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Thread: Milliner, Banks, and Rhodes: A Metrics Breakdown

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    Milliner, Banks, and Rhodes: A Metrics Breakdown

    Regardless of whether Sean Smith re-signs, the Dolphins need a cornerback. The question is, do we want that CB in the first round? Personally, I'm on board for that, but to each their own. This is my first time charting CBs, so I'm more unsure about what's relevant statistically and what's not. I did my best to parse out the important things and there's a lot more charts on the site to check out if you want more.

    As a note, unlike WRs where I note only when they are targeted, Iíve charted a variety of factors on each and every snap when it comes to CBs. Thus, I used a 4 game sample, which is normally smaller than Iíd like. However, Iím still happy with the sample and think it gets a good representation of these corners. Enjoy!

    Where Were They Targeted?

    These are the locations in which the cornerbacks were targeted. That is, it includes all outcomes such as completions, pass interference, deflections, etc.



    • All of the CBs were challenged in the 1-5 yard zone a plurality of the time. Nearly 50% of Banksí targets came within a short distance of the LOS. Similarly Millinerís 33% and Rhodes 43% are very high. This high percentage is likely due to shorter routes, including swing passes out of the backfield into their zones.
    • Less of Millinerís targets came in the shorter zones, instead 50% of his targets came in the intermediate zones of 6-20 yards.
    • Xavier Rhodes was challenged deep most often with 19% of his total targets coming back 20 yards. This could either be indicative of the coverage FSU was playing or that quarterbacks often felt that Rhodes was vulnerable deep.


    What Happened After They Were Targeted?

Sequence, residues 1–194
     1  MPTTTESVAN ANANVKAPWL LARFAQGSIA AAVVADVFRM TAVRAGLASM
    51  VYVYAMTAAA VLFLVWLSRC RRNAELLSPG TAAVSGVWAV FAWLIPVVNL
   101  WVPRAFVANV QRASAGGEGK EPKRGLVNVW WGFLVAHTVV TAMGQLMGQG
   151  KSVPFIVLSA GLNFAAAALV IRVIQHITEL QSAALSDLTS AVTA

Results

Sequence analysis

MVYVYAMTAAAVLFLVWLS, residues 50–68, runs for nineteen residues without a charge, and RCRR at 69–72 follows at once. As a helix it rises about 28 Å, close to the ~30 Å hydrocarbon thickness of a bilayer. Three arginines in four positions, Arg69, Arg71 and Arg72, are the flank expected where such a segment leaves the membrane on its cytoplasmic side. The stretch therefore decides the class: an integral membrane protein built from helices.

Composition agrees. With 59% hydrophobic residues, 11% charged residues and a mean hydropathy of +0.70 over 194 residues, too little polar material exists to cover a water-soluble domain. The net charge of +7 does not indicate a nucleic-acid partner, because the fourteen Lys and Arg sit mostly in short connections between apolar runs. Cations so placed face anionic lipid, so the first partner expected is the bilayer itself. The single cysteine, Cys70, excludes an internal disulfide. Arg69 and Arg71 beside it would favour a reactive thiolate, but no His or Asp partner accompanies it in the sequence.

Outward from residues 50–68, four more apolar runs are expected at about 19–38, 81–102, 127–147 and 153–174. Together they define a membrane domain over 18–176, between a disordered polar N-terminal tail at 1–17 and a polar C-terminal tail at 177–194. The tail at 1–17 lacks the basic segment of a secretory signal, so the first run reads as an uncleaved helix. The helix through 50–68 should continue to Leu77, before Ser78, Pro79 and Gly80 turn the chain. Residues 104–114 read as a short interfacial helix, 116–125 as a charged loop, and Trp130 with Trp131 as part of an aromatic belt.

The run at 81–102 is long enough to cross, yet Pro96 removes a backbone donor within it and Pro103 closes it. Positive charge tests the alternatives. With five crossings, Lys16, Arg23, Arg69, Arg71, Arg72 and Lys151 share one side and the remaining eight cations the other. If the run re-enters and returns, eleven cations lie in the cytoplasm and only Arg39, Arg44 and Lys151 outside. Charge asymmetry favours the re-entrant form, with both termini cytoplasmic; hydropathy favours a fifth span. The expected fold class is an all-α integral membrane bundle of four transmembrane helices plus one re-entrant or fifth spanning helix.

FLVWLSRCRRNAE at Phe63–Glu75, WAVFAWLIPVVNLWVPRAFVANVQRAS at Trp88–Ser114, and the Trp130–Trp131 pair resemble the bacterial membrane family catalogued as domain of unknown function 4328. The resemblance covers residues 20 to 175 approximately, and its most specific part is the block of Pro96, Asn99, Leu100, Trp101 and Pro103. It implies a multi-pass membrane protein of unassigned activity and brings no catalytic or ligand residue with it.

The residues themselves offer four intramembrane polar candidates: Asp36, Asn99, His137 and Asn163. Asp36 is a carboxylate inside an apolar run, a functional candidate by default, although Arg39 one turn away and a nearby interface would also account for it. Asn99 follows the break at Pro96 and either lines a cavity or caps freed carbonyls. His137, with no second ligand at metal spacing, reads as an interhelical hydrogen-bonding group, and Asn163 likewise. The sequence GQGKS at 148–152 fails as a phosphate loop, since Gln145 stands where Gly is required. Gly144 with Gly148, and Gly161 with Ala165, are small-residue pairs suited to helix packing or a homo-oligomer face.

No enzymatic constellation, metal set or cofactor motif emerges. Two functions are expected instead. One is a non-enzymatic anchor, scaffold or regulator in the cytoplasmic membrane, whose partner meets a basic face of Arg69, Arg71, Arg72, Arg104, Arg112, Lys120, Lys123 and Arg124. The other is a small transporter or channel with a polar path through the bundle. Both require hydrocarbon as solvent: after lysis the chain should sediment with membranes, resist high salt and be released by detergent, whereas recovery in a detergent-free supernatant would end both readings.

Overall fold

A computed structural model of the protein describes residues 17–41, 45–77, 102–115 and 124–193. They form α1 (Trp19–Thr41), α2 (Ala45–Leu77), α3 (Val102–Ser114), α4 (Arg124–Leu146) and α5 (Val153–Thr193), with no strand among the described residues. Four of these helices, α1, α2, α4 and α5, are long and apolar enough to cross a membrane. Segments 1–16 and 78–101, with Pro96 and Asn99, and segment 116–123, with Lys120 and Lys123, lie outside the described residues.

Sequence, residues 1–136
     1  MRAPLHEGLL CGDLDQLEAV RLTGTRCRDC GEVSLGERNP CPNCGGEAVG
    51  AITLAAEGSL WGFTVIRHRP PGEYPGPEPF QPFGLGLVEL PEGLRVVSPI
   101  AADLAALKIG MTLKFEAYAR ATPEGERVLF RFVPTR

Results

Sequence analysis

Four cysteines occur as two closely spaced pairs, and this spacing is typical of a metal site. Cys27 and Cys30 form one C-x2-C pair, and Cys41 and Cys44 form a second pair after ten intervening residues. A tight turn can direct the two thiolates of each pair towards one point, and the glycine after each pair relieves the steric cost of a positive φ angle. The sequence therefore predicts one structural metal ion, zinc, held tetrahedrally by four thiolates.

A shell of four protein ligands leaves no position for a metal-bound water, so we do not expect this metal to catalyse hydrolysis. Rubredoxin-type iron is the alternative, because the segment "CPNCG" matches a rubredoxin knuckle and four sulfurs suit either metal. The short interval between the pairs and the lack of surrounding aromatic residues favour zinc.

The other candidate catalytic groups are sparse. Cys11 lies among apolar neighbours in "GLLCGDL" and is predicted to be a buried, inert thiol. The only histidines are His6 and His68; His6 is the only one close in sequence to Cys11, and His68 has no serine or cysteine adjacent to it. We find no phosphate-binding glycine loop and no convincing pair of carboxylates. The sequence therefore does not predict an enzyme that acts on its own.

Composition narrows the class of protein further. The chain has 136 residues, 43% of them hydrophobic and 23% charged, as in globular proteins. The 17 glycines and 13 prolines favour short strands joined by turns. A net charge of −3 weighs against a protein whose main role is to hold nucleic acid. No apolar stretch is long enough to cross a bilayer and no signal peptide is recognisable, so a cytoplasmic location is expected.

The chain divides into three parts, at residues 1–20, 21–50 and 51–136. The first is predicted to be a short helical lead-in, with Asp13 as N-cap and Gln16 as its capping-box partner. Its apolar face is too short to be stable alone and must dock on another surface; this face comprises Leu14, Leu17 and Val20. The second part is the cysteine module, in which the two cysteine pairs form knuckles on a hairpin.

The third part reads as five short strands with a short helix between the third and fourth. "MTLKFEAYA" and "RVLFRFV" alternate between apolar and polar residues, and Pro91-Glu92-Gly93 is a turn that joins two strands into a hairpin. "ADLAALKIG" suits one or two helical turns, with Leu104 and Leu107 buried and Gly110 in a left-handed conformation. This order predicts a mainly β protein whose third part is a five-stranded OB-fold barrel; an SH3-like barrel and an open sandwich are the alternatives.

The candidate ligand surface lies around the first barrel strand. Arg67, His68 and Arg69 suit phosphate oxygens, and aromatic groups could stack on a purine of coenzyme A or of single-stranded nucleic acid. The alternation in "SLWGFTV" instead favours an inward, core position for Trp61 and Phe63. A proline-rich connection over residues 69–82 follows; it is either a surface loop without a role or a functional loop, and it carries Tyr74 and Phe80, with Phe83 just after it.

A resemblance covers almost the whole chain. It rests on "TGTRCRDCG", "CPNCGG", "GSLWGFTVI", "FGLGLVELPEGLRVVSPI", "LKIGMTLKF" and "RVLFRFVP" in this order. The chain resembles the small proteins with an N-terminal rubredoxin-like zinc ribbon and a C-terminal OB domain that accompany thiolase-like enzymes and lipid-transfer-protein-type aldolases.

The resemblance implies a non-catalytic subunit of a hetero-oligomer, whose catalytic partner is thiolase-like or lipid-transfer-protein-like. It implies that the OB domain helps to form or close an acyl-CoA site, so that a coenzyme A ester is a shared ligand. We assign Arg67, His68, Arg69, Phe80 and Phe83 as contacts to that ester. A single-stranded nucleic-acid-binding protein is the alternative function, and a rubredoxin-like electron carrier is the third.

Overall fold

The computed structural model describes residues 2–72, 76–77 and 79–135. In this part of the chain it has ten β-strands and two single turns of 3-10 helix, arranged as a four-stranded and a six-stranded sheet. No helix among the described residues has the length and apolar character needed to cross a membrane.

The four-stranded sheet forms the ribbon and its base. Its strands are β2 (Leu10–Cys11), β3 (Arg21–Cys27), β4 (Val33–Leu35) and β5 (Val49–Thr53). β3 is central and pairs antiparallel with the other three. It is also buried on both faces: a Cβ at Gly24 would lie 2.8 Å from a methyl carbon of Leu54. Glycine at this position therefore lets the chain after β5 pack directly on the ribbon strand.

All of these are a function of total passes, not just targets. Thus 100 minus the percentage of No Throw would equal how often they were targeted. Iíve taken out interceptions, thus it wonít add to 100%,



    • In total Milliner and Banks were targeted roughly 21% of the time, while Rhodes was only targeted on 14.5% of all passes. This is clearly a significant drastic difference. This doesnít necessarily mean Rhodes is the better corner. It could mean Florida Stateís other CBs were bad enough to be targeted more. Still itís worth checking out due to the drastic nature of the difference.
    • Milliner deflected more balls than the others with 3.48% of all passes deflected (which works out to roughly 16% of all targets). We should note that Banks had more interceptions which isnít reflected in this chart.
    • Rhodes had a few pass interference penalties in my sample, which would actually count as worse than completions due to the distance given up on each PI call.


    Where Did They Line Up?

    Even though we know where they were targeted, what technique were they playing? While I didnít try to decipher the playbooks to figure out the coverages, I at least noted where they were aligned pre-snap. As a note, the CBs had to get their hands on the WRs to count as press coverage. The yardage refers to how far they were from the line of scrimmage.




    • Rhodes by far was the most ďversatileĒ cornerback. He played press coverage nearly 21%of the time compared to only 13% for Milliner and 8% for Banks. The distribution over each zone is nearly equal for Rhodes.
    • The majority of Millinerís snaps were taken close to the line of scrimmage. Nearly 56% of his snaps were a 1-5 yard zone pre-snap look, while he played press- bail 22.6% of the time.
    • Some have spoken of Banksí physicality, while this doesnít prove anything, around 85% of his snaps were started off the line of scrimmage between 1 and 10 yards. He almost never played press-bail at only 6% of the time.


    Average Distance of Completions
    This is simply the average distance in yards of a completion against each CB. Note that these are before yards after the catch.




    • The average completions against both Milliner and Banks are around the 8 yard range with Millinerís being slightly higher.
    • Rhodesí average distance is much lower at 5.7 yards. Whether thatís due to his play in the ACC or physicality, Rhodes did not give up deep passes on average.


    I have a litany of other charts and data that Iím going to post below. Iím not even going to try to analyze them because you could be here for weeks reading them. Among them we have completions by down, first downs, targets by alignment, etc. You can find those here:

    Milliner, Banks and Rhodes: A Metrics Breakdown
    Last edited by NUGap; 02-18-2013 at 12:15 PM.
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